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Spring is here, which in the admissions process can only mean one thing … a hyperfocus on yield for our incoming class while concurrently turning the page to look ahead to the future. Of course, in a “post-COVID” world (whatever that means), we are faced with a number of unknowns, the largest of which is how to get back to high-effort initiatives that were so critical pre-2020. Concurrently, we need to continue and expand upon the highly effective and measurable digital offerings we’ve spent so much time perfecting over the past two years.

As we look ahead, it will be important to not let digital efforts go the way of high school visits and college fairs—things that we do with no real understanding of their true impact—and ultimately create a confusing, or worse, negative student experience. To that end, there are three low-hanging fruit ways to fix your digital engagement plan by breaking some rules.

Rule No. 1: “We Have to Be Live”

The reality is that in 2022 there is very little digital content that needs to be consumed live. There are entire industries built around easy, step-by-step video tutorials and guides. In the context of college admissions, we’re also competing for screen time with social media apps and video-streaming sites used for entertainment.

Additionally, while meeting software like Zoom and Teams has made it easier for members of your campus community to be comfortable being on camera, there will always be challenges with internet connectivity compounded with varying degrees of comfort on the part of your presenters. The last thing we want to see is a great information session slightly derailed by bad internet and then completely off the mark because of a stressed-out professor who can’t re-center themselves.

How do we break the rule? Simulate live experiences by pre-recording content and releasing it on a schedule (like The Mandalorian on Disney+). This creates anticipation for fresh content while also removing the challenges inherent in broadcasting live each time. Additionally, effective promotion of on-demand content can serve as a method of repurposing content without the added effort of continually recording new material which can be a burden to an already overstretched team.

Rule No. 2: Polish Before Promotion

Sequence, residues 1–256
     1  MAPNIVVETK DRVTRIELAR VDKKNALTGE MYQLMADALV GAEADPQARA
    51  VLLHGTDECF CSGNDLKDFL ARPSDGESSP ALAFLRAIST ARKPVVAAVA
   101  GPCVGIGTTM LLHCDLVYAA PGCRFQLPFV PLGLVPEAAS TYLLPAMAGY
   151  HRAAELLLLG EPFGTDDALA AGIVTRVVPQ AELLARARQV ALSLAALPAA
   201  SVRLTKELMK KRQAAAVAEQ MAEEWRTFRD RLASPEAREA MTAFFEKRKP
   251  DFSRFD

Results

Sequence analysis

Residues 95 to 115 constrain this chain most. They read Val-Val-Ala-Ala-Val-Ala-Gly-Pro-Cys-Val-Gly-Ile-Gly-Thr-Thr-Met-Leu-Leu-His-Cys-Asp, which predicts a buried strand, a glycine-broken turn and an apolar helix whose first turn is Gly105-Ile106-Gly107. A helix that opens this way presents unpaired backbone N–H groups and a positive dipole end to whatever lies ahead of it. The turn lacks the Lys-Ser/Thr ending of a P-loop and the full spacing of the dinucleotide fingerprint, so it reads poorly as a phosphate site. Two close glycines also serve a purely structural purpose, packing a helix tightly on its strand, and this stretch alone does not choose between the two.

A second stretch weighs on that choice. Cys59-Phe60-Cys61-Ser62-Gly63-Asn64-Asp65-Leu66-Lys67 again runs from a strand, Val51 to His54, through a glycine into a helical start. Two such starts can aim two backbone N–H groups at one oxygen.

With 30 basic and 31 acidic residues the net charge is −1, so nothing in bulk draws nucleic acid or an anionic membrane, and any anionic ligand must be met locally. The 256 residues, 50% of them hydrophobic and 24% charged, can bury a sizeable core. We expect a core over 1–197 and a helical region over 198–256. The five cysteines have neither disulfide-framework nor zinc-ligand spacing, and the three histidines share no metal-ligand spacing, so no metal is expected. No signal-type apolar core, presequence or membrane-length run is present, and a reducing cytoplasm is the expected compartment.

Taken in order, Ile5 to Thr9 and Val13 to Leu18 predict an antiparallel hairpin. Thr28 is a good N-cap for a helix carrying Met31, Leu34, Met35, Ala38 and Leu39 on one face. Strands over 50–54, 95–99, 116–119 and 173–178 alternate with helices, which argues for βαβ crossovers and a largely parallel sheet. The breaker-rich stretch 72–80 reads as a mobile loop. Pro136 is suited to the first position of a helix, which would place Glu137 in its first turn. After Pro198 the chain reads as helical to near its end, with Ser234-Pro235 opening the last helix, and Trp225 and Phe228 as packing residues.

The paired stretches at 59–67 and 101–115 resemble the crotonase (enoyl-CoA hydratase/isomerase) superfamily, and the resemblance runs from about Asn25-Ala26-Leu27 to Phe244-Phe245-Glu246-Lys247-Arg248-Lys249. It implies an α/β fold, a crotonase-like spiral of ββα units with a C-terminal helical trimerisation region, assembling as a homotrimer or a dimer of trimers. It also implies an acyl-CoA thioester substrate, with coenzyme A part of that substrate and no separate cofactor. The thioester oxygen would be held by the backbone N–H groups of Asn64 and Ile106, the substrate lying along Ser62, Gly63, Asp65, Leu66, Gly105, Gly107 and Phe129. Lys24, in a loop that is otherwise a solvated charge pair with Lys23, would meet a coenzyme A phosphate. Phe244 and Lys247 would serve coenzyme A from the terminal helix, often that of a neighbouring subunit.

The battle between authentic and amateur is not new. Even prior to the COVID-19 pandemic, the general rule of thumb for video content was that students prefer a raw and unfiltered view of campus over highly produced videos featuring faculty and the president. Of course, during the height of the pandemic we had no choice but to produce what students wanted to see: videos featuring students and staff from their living rooms and kitchens simply sharing their voice.

As we return to normal, the temptation is to revert to ignoring this type of feedback from the market and overproduce video content for on-demand consumption. This is why programs like The College Tour on Amazon Prime are so popular with colleges. Much like YouniversityTV nearly a decade ago, admissions and marketing teams clamor for shiny and pristine presentations with little to no regard for ROI. These types of investments now lead to blowback from the community at large.

How do we break the rule? Avoid the temptation to put too much effort and emphasis on a polished final product. If we’ve learned nothing from the latest Disney smash hit, Encanto, it doesn’t need to be perfect … it just needs to be. So just let it be. Raw and unfiltered content also moves from idea to eyeballs in a far shorter period of time. This allows for fast feedback for your team with the ability to iterate quickly and add to the story over time.

Rule No. 3: Keep Storing Data in Silos

OK. This one isn’t so much a rule as it is a problem with how most institutions treat recruitment data.

For the record, investing in a college tour video with Amazon in and of itself isn’t a bad thing. The issue, however, is the inability to measure meaningful ROI with a video hosted on YouTube and embedded into a webpage. This limitation is a function of investing in disparate systems and platforms without a true plan for how they all fit together. It’s the reason most institutions can’t (or don’t) effectively track beyond the first source of an enrollment: doing anything more is just too hard.

How do we break the rule/address this problem? The most impactful thing we can do is stop thinking about digital interactions and in-person interactions as separate and think of them as part of a continuous story. Using marketing automation and machine learning, we can connect the dots from visitors to our virtual tour, our .edu website and our institutionally branded videos and content. This connectivity enables us to use machine learning to drive dynamic content and automations without our CRM to truly tailor the recruitment process for our prospective students. Going about it this way also ensures we aren’t giving our student data to Google for free.

We have a unique opportunity as an industry to continue the rapid innovation that we have seen over the past two years. This will take a commitment to not going backward and having a laser focus on delivering students the right message at the right time via the right channels from the right sender. That’s a lot of rights to get right.

A leader in enrollment marketing strategy, Gil Rogers has published numerous studies on digital student engagement and presented at dozens of national conferences on enrollment strategy. He currently serves as executive vice president at PlatformQ Education.

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